Oil may be the world’s lifeblood, but oceanic commerce is its backbone, if not the entire skeleton. While the Sept. 11, 2001, attack on the United States did not have a maritime component, it did serve as a wake-up call in many venues, not just within the U.S. World maritime entities – military, civil and private – evaluated their situation in the new reality and quickly understood the vulnerabilities and potential consequences. Since then, a number of national and international organizations have addressed how to protect maritime assets, both individually and, in growing numbers, collectively. Most saw increased maritime domain awareness (MDA) as a critical component of the smooth functioning of commerce on the world’s oceans, the crucial supporting frame of the world’s economy. Added to the threats of piracy and sea-borne attacks is the growing realization that misuse and mistreatment of oceans is causing significant environmental damage. Coupled with oil and fish theft, this is leading to substantial loss of economic resources. Therefore, a wide variety of organizations either have or are developing systems and concepts of operations (ConOps) to deal with regional, if not global, maritime awareness.

Thus, the potential, unique contributions of current and planned commercial space systems from a wide range of nations to international maritime awareness is a subject of growing interest to many. No one country has the stature, breadth and depth to successfully organize a meaningful coalition to protect oceanic commerce, the maritime environment and the broad range of individuals who use the maritime domain for a multitude of endeavors, including profit, conveyance and recreation. The only organization that has addressed a task similar in scope is the International Civil Aviation Organization (ICAO), which works to ensure smooth and safe functioning of the civilian aviation industry. And, that effort took almost 40 years to reach full functionality after the need was first articulated in 1909. Because the maritime domain has been an integral part of the world’s commerce and conveyance systems for thousands of years, it may be much harder to create the needed organization to regulate it.

U.S. Navy photo by Mass Communication Specialist Seaman Anna Wade | Suspected pirates indicate their surrender with a white cloth on the Japanese-owned commercial oil tanker M/V Guanabara.

U.S. Navy photo by Mass Communication Specialist Seaman Anna Wade | Suspected pirates indicate their surrender with a white cloth on the Japanese-owned commercial oil tanker M/V Guanabara.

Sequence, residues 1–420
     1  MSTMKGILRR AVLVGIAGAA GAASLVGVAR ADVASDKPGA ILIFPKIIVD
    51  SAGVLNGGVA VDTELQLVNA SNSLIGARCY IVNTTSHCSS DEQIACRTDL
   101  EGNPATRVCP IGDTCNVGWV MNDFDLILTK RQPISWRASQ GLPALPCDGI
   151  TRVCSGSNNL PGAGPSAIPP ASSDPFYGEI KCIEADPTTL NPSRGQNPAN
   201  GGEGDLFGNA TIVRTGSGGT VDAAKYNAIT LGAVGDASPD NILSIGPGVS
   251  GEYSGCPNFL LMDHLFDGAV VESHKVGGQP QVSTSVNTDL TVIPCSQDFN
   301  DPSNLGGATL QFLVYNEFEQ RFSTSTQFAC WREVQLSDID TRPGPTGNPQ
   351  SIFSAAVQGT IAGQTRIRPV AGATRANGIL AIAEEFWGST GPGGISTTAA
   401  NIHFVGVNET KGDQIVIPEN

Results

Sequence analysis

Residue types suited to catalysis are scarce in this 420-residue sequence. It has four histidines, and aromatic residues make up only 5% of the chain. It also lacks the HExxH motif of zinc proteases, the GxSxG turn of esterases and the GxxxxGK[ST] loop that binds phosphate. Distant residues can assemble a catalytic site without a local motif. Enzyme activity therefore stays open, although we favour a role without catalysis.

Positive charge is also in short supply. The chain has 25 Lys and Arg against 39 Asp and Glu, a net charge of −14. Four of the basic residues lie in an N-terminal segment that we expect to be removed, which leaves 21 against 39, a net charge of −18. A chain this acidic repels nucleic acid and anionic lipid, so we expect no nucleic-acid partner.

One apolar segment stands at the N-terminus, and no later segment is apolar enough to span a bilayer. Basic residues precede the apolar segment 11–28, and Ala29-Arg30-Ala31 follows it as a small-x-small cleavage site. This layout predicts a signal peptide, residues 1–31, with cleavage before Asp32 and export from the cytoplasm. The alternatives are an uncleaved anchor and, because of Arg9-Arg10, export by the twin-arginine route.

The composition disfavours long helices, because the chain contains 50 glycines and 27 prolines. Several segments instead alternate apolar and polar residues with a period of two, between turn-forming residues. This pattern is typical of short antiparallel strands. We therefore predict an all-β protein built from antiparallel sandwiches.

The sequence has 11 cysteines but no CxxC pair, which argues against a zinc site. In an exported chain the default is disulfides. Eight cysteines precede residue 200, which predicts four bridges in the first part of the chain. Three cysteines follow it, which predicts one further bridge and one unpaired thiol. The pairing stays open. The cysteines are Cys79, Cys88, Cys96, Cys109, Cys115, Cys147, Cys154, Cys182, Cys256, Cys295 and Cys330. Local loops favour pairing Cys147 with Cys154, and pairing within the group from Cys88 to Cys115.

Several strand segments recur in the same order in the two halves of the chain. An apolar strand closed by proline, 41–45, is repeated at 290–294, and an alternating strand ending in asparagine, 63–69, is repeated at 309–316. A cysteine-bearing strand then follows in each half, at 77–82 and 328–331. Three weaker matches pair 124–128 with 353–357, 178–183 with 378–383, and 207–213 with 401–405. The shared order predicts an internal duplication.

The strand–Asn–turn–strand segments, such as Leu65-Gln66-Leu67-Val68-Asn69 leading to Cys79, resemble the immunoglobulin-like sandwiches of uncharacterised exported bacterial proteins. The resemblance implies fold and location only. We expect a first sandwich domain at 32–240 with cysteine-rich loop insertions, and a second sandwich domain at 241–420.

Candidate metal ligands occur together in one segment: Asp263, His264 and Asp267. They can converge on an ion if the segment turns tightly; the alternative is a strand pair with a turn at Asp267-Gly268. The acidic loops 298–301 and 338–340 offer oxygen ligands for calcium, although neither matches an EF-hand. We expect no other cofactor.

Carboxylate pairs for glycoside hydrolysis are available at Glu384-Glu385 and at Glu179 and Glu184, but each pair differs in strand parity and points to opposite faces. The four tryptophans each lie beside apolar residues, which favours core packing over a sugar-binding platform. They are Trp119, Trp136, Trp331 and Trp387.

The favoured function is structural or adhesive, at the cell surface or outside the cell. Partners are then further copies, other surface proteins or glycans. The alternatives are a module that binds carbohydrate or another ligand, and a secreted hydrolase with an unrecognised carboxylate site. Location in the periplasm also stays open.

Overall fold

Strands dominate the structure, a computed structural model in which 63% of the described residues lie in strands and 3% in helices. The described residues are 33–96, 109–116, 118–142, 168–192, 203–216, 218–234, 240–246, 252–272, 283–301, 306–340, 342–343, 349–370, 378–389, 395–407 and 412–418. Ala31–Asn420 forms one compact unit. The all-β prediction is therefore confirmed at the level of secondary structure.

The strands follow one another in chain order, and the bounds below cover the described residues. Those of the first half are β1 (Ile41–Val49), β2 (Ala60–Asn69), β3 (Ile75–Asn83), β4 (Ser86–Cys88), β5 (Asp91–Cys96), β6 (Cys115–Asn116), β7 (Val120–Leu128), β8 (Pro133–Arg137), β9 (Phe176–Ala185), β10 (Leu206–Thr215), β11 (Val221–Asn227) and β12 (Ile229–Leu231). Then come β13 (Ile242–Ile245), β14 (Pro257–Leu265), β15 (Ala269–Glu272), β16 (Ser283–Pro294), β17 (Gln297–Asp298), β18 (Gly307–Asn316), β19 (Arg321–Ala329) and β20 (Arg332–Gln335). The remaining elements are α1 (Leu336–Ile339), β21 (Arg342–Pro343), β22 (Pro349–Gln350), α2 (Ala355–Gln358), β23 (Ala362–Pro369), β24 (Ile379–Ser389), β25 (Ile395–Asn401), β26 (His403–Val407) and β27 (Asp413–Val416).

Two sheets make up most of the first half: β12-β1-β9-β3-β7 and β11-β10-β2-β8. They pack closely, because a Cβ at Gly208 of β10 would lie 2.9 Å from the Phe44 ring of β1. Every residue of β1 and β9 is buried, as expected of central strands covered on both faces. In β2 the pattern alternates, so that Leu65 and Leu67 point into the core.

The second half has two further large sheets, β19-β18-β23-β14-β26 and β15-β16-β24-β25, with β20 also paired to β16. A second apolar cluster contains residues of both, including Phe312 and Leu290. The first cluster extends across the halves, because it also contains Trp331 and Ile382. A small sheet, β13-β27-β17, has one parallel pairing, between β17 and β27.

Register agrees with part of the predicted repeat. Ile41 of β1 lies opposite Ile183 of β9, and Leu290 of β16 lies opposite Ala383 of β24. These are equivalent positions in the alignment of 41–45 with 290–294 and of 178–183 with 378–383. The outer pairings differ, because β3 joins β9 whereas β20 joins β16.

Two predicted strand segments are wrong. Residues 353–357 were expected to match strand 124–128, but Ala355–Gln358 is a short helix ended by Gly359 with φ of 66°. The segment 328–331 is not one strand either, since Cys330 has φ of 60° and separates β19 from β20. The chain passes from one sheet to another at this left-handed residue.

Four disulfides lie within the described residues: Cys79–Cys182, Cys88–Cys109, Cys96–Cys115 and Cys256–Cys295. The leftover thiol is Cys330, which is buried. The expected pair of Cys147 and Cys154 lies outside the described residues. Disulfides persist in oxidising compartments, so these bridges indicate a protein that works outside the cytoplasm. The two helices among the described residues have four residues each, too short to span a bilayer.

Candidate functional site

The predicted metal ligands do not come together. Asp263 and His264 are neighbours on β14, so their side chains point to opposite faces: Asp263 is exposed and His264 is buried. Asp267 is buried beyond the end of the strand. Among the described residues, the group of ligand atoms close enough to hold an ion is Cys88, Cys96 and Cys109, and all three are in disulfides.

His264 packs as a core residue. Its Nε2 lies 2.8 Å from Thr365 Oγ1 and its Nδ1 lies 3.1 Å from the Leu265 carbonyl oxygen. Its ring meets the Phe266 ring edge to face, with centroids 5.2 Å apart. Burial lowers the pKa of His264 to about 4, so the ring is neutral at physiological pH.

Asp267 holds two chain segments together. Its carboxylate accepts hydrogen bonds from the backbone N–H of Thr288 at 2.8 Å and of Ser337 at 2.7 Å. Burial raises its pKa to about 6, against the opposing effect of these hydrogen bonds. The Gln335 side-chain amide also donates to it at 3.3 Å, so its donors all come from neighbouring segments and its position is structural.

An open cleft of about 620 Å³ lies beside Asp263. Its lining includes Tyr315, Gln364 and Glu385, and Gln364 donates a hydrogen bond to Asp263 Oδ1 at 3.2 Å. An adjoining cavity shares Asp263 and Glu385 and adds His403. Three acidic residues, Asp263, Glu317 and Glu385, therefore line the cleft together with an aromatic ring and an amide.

The political aspects of forging that type collaboration are the real challenge. Still, a tangible goal, working towards both technical and policy aspects, will assist in focusing political and policy discussions. Building C-SIGMA is one such attainable goal. The two critical segments of that universal awareness are shared surveillance assets and a universal common operational picture (COP). Many are already working the COP issue with such programs as Cooperative Nations Information Exchange System (CNIES), Virtual Regional Maritime Tracking Center-Automated (VRMTC-A), Regional Maritime Awareness Capability (RMAC) and the Maritime Safety and Security Information System (MSSIS). Fewer are looking at the front end of the chain – the sensor end. One needs to look at both in balance. This article tries to restore that balance by focusing on the why and how of developing required surveillance assets.

Most maritime concepts of operations assume some form of layered zones of surveillance and defense from well offshore to point defense of high-value targets within ports and adjacent waterways. Generally, more zones exist between those two zones, including approaches and coastal zones. The end game – protection of high value targets – is a major goal. Those high-value targets include not just significant ships but also port infrastructure or other targets of high economic, political or military value. These include power plants, sewage treatment facilities, chemical plants, critical bridges, historic monuments and the like. This greatly compounds the problem, but every bit of defense helps. Early warning is critical. However, the heretofore emphasis on port surveillance systems indicates many do not understand the criticality of early warning and the need for it to begin far offshore, if not actually with the surveillance of supporting shore infrastructure across the seas. For illegal acts committed on the high seas, such as oil dumping or fish theft, focus needs to be well offshore with timely warning critical if one is going to react in time to apprehend wrong doers.